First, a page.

Monstervision Host Segments for

Death Valley (1982)


And don't try this at home. If you happened to tune into Joe Bob's Last Call this past Friday night on TNT, you would have seen Wilford Brimley receiving some unwanted open heart surgery. And here's old Joe Bob hisself to give you the grisly details about the unfortunate Mr. Brimley plus his famous drive-in totals on the psycho-killer thriller, Death Valley.

Joe Bob's Saturday Night at the Movies

"Death Valley" Intro

"....We're gonna go right into "Death Valley" now. Catherine Hicks is back, and this time she's trying to get her little yard monster to be nice to her new cowboy boyfriend, Paul Le Mat, when they all end up out west on a vacation and the local geekazoid psycho serial killer. decides he better get rid of the little kid because of what the kid might know. This movie actually kinda grows on you. Came out in 1982 and played in theaters for about five minutes, but it's the film debutt of Peter Billingsley, who would later become famous as the star of "A Christmas Story." The kid is HONING HIS CRAFT in this one. What do people mean when they say that? "I'm honing my craft." Sounds like they're whittlin, or makin Christmas tree ornaments to sell to tourists. All right, let's look at those drive-in totals: movie poster

Seven dead bodies.
Multiple throat-slashing.
RV crash.
Pickax to the chest.
Two shootouts.
One motor vehicle chase.
And gratuitous Wilford Brimley. Three stars."

"Death Valley" Commercial Break #1

"Do you ever notice that, when you see a little boy and his father having FUN in the movies, spending the day together, playing chess, walkin in the park...what does that mean? It means the kid's parents are DIVORCED, right? It's always a divorce thing. In the movies, parents only pay attention to their kids if there's been a divorce. "Kramer vs. Kramer" started this, I think. So anyhow, the beginning of this movie looks like one of those Kramer vs. Kramer things, right? And then it slowly dawns on's SUPPOSED to be a horror least it's kind of a tipoff when two people get their slashed in a trailer home. So what we've got here is a "Kramer vs. Kramer" social-issue serial killer sorta-horror flick. Right? I think that's what they were going for. Anyhow, we'll little Billy wanders off into the sagebrush of....Death Valley. Roll it.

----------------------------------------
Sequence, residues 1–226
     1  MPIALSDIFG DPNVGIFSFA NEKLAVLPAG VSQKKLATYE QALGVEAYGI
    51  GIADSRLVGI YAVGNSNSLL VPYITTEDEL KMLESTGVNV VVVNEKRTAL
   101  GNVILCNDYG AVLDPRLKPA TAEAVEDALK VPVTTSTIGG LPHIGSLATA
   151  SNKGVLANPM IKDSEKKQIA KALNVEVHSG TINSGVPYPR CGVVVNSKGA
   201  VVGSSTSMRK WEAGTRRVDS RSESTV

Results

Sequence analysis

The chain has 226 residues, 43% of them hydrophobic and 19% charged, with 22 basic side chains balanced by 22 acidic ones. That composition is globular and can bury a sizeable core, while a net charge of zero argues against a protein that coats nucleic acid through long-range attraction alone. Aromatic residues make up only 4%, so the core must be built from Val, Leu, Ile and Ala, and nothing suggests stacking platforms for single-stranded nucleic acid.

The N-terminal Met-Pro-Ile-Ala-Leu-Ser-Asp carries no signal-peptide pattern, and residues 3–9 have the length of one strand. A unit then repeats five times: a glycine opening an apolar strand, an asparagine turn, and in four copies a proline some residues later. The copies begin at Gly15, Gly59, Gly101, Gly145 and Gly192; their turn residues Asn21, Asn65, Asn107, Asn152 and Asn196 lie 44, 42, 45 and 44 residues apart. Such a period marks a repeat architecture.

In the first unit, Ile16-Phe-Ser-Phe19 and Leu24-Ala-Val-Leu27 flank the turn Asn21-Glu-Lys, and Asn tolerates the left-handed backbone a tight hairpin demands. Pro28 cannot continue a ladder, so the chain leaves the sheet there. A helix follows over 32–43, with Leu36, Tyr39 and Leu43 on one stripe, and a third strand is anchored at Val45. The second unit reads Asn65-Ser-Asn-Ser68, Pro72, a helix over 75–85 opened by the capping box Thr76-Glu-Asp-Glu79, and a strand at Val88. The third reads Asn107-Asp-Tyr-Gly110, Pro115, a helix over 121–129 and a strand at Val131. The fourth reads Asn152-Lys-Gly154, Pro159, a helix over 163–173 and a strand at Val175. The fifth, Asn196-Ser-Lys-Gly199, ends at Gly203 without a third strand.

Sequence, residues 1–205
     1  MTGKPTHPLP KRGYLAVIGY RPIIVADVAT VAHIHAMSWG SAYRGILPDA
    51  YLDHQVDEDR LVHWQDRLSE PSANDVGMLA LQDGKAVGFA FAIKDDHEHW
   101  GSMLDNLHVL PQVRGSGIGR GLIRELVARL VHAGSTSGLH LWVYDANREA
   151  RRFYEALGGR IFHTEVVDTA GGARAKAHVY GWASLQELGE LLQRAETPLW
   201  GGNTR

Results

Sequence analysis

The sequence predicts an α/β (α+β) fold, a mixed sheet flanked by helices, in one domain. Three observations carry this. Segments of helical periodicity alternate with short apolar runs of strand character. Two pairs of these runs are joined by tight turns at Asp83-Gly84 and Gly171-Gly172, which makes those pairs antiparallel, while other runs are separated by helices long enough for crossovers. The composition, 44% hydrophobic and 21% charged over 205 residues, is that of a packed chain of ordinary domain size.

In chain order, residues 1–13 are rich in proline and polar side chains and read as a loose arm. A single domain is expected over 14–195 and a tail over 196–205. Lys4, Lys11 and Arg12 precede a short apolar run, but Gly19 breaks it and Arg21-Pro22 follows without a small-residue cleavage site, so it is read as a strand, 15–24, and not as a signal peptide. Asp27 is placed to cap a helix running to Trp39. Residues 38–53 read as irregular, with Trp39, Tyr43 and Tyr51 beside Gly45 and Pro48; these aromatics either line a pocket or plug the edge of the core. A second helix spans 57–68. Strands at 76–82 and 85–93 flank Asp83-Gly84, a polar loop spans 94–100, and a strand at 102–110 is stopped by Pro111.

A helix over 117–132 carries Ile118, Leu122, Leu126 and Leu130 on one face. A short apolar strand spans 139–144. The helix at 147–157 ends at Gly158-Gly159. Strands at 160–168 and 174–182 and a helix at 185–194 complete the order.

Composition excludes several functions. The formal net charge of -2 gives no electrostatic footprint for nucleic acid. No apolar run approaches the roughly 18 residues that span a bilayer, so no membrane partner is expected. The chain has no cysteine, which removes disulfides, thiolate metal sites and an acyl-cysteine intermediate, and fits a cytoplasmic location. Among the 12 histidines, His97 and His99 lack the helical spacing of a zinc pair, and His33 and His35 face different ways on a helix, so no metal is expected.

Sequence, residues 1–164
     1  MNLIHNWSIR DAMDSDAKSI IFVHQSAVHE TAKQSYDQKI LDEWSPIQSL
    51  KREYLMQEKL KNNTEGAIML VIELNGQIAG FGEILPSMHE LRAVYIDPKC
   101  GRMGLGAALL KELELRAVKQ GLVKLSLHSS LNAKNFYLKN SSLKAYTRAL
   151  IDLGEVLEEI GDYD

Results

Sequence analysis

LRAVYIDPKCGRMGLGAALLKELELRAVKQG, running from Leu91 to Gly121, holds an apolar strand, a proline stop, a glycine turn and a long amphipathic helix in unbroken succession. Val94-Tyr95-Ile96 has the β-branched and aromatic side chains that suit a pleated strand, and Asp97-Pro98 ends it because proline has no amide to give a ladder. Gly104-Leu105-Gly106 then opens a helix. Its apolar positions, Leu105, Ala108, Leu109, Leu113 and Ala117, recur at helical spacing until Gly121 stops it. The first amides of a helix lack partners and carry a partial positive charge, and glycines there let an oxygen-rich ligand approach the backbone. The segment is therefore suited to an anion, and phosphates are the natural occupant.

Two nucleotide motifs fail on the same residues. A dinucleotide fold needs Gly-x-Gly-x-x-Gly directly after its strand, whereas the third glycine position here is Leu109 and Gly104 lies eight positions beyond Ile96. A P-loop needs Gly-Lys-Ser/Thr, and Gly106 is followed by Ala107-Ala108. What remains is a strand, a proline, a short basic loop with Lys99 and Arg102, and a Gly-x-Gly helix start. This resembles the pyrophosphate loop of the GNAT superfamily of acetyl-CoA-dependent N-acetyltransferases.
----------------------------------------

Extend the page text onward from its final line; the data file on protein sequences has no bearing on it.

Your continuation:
[fading] When did this thing start of parents being the FRIEND of their kids? The way they do those scenes, the parent and the kid are total equals. Which is fine, until one day the kid says, "Hey, dad, I just met this hot babe in my grade-school class. I think I'll try to have sex with her." The friend thing kinda goes right out the window, doesn't it? Just an observation."

"Death Valley" Commercial Break #2

"Wilford Brimley, doing that Wilford Brimley Thing. He's always pretty much the same character no matter what movie he's in. Wilford Brimley was on a roll when this movie came out. He made "The Thing," he made "Tender Mercies," the same year "Death Valley" came out, 1982, and the year before that everybody remembered him for "Absence of Malice." He's one of those actors who started getting a lot of major roles after he was fairly advanced in his career, even though his FIRST movie was "True Grit" with John Wayne back in 1969. Anyhow, I should mention that when "Death Valley" came out, the screenwriter said it was based on a true story. But when you read the fine print of the production notes, here's the true story. Richard Rothstein, the screenwriter, went on a vacation with his family in Death Valley. When they first drove into the valley, on this lonely two-lane road, there was one car coming toward them, and they got spooked because they thought there might be MEAN PEOPLE or KILLERS inside the car. And then the car went by and there was nothing wrong. And the whole family breathed a sigh of relief. And "Death Valley" was born. Isn't that fascinating? Okaaay, back to the movie. Based on a true story.